Given that the movie is assembled from three different performances – and one filmed without an audience – Hamilton is impressively cohesive, propelled by cinematic momentum. The anxious editing, though, is its only glaring flaw. The cuts, far too often, disrupt the film’s rhythm – as if the editor (Jonah Moran) wants to press into our consciousness that we’re watching a film.
But Hamilton’s songs and storytelling redeem its flaws – and some more. The movie spans more than four decades – from Hamilton’s childhood to his political success to his disintegrating marriage to his demise – but it hardly gets tedious. The narrative’s rising and falling beats are accompanied by an eclectic soundtrack that delights and electrifies and informs. Hamilton respects its central character, but it always sees him as a man of layers, someone capable of ingenuity and transgressions, someone who could think of the country and yet not see beyond himself. People are a sum total of infuriating contradictions – the good and bad, the light and dark – and Hamilton contextualises the imperfections of human life with a lot of finesse and nuance.
Further, even while telling his complete story, the musical allows us to do our own writing. So, for instance, we understand early on that Hamilton’s entire life was shaped by not what he had, but what he did not: a family. It’s that desperate urge to fill the void – of never being “satisfied” – that made and broke him. Geniuses are often born from a gnawing lack, and so was Hamilton: restless and ambitious, irritable and combative – someone trying to outrun time and gasping, scaling professional peaks yet plumbing personal lows.
Hamilton was a restless writer. To promote the ratification of the United States constitution, a work later known as The Federalist Papers, he wrote 51 out of its 85 essays in six months. Hamilton cleverly embodies some of that restlessness in its own writing. Its songs often unfold at multiple levels, telling stories of both present and future.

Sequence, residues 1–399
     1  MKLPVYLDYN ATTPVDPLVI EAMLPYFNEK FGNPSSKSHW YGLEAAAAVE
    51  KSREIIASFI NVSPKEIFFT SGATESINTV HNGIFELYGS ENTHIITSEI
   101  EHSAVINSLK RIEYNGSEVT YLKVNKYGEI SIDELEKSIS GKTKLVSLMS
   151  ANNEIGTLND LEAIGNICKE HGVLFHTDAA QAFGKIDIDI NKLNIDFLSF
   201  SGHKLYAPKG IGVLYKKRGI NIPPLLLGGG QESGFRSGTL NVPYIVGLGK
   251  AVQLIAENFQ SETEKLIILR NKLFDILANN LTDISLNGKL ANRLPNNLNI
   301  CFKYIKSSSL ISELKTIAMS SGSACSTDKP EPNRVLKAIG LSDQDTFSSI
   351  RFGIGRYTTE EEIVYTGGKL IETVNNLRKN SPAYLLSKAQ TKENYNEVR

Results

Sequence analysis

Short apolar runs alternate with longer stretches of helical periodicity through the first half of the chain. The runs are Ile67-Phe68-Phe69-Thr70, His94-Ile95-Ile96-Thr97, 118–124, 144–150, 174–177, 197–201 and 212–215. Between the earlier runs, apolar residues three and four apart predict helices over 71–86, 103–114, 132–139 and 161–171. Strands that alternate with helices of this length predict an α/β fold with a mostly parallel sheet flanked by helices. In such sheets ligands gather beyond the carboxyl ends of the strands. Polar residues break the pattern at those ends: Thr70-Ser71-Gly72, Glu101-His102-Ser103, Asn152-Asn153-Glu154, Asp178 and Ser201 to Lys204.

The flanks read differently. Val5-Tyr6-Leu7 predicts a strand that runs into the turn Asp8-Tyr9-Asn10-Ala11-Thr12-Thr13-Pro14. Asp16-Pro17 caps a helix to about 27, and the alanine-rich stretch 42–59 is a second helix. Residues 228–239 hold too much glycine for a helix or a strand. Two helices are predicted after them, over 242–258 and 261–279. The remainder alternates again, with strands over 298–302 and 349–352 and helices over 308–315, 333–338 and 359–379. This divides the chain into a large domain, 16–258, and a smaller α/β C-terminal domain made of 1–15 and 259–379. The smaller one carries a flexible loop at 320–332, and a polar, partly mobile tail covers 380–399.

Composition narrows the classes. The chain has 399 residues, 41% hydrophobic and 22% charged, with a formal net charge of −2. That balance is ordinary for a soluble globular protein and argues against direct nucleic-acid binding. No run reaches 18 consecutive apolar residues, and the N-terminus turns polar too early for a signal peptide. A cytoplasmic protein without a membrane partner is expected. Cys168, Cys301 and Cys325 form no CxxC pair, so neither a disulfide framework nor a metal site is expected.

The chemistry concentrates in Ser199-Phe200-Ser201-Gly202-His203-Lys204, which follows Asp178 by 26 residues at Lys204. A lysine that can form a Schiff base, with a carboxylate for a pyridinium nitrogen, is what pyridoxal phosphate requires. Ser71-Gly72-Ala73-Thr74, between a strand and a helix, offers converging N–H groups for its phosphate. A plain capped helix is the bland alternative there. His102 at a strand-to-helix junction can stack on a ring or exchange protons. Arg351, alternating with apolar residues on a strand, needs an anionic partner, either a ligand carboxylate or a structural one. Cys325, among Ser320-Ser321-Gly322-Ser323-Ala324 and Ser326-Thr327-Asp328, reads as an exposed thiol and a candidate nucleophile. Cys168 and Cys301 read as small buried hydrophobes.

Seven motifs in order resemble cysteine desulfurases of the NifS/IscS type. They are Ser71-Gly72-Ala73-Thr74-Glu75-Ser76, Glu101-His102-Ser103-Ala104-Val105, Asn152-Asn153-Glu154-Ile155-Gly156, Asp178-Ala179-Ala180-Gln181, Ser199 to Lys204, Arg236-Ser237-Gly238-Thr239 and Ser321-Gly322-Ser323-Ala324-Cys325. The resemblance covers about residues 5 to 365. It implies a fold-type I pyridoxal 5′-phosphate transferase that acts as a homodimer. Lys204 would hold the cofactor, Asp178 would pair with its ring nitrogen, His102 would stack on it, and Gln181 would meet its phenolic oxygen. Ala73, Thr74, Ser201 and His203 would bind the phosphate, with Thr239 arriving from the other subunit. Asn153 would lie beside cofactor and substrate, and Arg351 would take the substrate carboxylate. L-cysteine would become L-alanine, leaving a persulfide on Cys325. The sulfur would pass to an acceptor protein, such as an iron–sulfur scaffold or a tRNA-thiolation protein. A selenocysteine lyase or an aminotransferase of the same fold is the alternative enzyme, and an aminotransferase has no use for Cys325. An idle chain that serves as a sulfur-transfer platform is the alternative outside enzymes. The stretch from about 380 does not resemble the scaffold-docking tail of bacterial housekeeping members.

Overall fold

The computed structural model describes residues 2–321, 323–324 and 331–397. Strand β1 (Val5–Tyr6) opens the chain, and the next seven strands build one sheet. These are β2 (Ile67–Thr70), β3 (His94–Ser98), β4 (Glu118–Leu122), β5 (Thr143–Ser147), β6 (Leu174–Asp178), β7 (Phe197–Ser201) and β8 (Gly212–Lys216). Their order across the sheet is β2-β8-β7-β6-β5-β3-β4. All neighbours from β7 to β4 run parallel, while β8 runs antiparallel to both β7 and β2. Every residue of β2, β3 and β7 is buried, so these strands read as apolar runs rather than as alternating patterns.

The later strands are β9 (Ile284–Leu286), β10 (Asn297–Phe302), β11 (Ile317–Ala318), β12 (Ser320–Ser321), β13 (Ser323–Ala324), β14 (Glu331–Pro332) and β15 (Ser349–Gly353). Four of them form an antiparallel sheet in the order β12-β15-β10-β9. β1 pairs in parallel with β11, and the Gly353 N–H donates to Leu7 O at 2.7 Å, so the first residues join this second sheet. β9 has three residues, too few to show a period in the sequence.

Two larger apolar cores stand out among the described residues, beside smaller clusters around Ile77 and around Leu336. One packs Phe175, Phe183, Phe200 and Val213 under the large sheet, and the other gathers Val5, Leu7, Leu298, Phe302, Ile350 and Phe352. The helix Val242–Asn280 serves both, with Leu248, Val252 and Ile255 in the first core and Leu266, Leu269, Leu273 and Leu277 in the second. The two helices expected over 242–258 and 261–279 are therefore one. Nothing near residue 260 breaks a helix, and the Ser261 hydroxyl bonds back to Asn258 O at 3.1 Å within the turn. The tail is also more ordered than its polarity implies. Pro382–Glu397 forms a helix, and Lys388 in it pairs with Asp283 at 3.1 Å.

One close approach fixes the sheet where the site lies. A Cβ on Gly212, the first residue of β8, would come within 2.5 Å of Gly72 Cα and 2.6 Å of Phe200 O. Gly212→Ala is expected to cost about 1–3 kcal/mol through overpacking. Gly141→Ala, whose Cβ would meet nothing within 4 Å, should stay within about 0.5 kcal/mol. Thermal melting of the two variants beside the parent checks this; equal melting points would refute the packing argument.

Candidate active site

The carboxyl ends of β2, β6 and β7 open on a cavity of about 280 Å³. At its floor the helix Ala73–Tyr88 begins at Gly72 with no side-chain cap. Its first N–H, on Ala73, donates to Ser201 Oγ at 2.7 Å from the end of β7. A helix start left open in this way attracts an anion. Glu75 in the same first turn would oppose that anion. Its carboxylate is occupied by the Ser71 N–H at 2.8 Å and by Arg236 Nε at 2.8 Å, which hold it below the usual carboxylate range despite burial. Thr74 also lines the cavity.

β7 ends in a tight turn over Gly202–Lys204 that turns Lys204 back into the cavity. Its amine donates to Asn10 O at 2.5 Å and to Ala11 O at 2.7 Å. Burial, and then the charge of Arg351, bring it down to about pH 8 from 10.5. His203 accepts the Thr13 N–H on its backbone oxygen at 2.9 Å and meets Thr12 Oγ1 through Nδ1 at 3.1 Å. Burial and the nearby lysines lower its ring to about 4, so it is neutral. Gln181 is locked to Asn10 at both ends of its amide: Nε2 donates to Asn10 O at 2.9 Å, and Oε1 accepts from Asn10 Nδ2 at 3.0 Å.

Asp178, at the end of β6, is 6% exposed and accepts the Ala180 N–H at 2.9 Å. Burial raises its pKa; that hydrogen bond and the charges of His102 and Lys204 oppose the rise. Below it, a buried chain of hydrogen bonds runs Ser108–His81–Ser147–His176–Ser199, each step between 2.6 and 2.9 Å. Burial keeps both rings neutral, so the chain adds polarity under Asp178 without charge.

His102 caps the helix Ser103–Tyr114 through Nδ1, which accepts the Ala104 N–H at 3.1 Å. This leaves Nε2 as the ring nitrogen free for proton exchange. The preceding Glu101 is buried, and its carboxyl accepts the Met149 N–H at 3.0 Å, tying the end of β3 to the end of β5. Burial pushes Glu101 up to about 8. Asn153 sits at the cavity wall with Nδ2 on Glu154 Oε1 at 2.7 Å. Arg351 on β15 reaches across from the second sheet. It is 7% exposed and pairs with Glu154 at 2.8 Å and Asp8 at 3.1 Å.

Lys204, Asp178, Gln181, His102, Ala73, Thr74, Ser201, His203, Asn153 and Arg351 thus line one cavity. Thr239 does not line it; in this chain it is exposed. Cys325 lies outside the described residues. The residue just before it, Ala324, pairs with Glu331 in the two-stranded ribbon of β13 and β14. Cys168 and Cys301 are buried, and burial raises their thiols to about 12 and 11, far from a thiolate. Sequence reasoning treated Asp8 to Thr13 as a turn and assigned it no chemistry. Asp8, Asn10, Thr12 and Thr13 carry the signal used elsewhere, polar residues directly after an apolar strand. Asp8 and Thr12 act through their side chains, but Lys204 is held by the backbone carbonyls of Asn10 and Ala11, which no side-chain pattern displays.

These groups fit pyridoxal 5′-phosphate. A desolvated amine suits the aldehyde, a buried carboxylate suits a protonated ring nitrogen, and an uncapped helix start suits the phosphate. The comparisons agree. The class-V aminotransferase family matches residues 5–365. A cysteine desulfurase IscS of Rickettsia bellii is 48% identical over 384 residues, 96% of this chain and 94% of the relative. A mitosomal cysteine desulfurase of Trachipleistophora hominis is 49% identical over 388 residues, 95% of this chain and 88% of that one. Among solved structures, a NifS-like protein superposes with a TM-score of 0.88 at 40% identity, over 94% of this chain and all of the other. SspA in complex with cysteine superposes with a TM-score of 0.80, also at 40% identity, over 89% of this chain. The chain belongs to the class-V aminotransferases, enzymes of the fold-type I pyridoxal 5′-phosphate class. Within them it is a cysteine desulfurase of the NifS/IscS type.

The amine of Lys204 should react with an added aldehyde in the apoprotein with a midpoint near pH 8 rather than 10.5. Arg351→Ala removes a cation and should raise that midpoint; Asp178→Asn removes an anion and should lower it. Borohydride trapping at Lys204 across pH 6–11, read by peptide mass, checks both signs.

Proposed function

The most memorable example is the number “[I’m not throwing away] My Shot”, where an ambitious Hamilton – who is “just like my country, young, scrappy and hungry” – is bonding with his friends (including Burr), while literally downing shots. It’s an effective, intriguing way to blend the literal and metaphorical, but it’s only towards the climax, where he’s engaged in a duel with Burr, that we understand the full implication of “throwing away my shot”. Examples like these – where the wordplay becomes ravenous and elastic, transcending space and time – run throughout the film.
In the end, though, Hamilton isn’t just about Hamilton. It liberates itself from the individual and locates the essence of his vacuum. It becomes a story about telling a story; about an orphan, deprived and denied, leaving a legacy; about a bystander – his wife, Eliza (Phillipa Soo; a graceful performance) – becoming a narrator, rescuing her love from the abyss of oblivion.
Eliza tried immortalising Hamilton, but after her death, he continued battling public amnesia. But art can sometimes act as a divine intervention. It compensates the limitations of life, not just depicting and restoring, but also dignifying and completing. Hamilton is a reassuring evidence that the graveyard of fragmented memories still stirs for justice that rhymes.